Candace Waterman, President & CEO, Women Impacting Public Policy (WIPP)

As we celebrate Women’s History Month, we observe the incredible contribution of women to American society – in business, academics, the arts, technology, medicine, and so much more. In particular, we acknowledge the substantial role women have played throughout history to mold our economy, industry, and America’s globally recognized spirit of entrepreneurship.

In 1972, only an estimated four percent of total businesses were owned by women. Now, women-owned businesses account for 39 percent of all businesses and employ nearly nine million people. In 2019 alone, women-led businesses accumulated $1.8 trillion in receipts, and women now run 41 of the Fortune 500 companies.

From 2014 to 2016 alone, the number of firms owned by women grew by six percent – twice the growth rate of employer firms owned by men. A sizable portion of this growth is the rise in minority women-owned businesses, which has grown 14 percent. This positive momentum is remarkable and showcases the resolve with which women have forged their way into modern American business.

My organization, Women Impacting Public Policy (WIPP), is the leading national nonpartisan organization on Capitol Hill serving as the voice for the over 12.9 million women-owned businesses in the United States. In our 21st year, we are proud of what we have accomplished, working in a bipartisan manner with lawmakers to impact and influence policy that provides gender equality, economic equity, procurement inclusion, and access to the global marketplace.

While women have made significant gains, there is still much work to be done, both as an organization and a country, to advance the role of women in business.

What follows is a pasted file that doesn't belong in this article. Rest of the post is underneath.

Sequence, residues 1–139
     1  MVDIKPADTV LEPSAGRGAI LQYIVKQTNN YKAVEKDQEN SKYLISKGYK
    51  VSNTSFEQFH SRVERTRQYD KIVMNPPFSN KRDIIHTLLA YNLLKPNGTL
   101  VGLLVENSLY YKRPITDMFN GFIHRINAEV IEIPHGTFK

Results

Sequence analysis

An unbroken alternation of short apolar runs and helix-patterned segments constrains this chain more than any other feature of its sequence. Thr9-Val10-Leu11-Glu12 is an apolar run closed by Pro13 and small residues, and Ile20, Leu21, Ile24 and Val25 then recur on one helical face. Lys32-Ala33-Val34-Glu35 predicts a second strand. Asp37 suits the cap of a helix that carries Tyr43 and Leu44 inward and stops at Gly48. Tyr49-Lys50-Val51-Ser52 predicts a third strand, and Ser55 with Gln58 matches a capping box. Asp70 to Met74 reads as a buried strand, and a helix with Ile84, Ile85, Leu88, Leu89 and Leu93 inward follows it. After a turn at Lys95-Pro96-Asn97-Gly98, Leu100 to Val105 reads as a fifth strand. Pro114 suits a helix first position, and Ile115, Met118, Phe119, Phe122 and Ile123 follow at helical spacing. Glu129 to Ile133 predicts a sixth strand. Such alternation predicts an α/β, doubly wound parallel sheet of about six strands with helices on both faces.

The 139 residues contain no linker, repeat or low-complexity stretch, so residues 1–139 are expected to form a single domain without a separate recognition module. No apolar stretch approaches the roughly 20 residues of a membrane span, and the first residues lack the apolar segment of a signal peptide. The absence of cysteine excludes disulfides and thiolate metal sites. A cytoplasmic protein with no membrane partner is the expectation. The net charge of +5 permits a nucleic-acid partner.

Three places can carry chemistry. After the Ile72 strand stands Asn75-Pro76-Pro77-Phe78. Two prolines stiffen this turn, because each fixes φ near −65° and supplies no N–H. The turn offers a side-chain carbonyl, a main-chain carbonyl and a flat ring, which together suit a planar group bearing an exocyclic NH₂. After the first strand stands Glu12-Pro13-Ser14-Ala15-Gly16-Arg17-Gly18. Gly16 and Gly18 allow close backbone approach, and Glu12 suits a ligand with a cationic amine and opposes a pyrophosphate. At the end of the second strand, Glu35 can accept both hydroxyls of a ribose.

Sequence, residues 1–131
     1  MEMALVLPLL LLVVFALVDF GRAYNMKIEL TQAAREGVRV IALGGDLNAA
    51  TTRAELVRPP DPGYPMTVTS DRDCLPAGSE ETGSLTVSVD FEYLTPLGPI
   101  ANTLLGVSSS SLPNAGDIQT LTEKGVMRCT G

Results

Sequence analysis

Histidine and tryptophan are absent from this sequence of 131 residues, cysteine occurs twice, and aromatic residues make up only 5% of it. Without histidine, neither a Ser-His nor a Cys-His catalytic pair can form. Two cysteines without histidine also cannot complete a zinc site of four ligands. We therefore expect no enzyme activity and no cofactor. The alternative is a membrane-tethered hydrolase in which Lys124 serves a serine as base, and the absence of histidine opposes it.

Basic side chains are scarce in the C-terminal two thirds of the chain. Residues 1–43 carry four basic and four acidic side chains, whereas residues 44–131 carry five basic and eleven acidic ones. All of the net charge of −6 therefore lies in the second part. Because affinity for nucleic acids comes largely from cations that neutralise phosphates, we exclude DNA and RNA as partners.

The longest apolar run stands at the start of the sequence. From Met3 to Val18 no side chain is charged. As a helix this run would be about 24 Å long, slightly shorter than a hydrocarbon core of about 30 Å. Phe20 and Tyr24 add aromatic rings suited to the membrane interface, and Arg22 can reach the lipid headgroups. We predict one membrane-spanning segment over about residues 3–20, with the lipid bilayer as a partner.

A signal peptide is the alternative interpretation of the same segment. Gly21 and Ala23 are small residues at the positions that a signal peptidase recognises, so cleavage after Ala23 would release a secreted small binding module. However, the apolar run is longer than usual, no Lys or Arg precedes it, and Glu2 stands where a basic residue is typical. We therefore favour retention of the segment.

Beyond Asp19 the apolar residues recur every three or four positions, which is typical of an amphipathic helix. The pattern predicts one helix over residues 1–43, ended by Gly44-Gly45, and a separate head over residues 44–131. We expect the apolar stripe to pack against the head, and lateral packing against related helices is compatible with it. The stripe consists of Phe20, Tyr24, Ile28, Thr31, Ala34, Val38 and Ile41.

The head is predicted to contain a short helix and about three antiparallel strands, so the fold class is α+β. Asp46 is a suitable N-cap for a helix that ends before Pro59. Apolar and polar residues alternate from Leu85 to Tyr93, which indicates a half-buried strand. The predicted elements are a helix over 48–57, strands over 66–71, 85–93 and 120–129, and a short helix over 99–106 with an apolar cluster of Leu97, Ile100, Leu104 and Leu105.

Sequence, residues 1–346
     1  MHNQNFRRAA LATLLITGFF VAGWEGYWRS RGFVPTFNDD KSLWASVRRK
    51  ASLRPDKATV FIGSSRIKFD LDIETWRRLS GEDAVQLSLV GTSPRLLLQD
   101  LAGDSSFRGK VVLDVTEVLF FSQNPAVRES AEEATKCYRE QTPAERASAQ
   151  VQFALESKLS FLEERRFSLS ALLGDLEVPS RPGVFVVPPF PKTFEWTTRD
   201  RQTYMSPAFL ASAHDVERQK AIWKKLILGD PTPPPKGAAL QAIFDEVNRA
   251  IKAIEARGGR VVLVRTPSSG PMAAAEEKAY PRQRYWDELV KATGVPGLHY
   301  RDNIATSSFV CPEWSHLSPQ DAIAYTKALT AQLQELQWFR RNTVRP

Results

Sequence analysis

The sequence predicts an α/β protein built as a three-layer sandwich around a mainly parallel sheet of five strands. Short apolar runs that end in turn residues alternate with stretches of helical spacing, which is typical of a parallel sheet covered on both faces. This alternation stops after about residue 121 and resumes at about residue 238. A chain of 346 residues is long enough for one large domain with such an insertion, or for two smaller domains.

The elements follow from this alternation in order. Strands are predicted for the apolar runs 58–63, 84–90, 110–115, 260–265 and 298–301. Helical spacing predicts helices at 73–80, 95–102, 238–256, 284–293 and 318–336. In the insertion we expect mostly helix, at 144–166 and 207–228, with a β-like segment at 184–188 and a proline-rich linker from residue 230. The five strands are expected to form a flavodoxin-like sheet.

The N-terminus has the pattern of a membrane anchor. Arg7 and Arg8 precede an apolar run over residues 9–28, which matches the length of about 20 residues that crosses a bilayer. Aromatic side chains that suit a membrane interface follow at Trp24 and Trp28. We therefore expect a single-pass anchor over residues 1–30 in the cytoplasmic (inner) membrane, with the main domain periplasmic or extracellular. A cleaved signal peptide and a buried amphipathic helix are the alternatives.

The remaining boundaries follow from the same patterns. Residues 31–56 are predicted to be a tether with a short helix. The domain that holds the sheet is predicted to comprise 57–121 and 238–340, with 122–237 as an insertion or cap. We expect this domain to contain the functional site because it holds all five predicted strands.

In addition to adding more women board members, increasing leadership opportunities, and removing barriers to business advancement, we can further support women entrepreneurs and business leaders by ensuring American innovation remains the strongest in the world.

When we foster technological innovation, women entrepreneurs leverage those tools to increase opportunities by starting and expanding businesses, developing a brand, reaching new audiences, and boosting efficiencies that result in greater growth and employment. This investment in innovation not only supports women working in the tech sector but has a broader positive impact on the more than one million small businesses owned by women. When the American tech sector flourishes, women from all walks of life reap the countless benefits that technology provides.

Over the last 100 years, women have driven progress, propelling forward some of our nation’s best achievements and innovative accomplishments. As we look to the future, especially during this fragile time of recovery from the COVID-19 pandemic, our lawmakers must continue to support policies that help our nation maintain its technological edge and economic revitalization. If we want to empower the next generation of women innovators in America, we must continue to safeguard and strengthen the same innovative edge that enabled countless women before us to pave the way for our present prosperity.

Candace Waterman is the president and CEO of Women Impacting Public Policy (WIPP).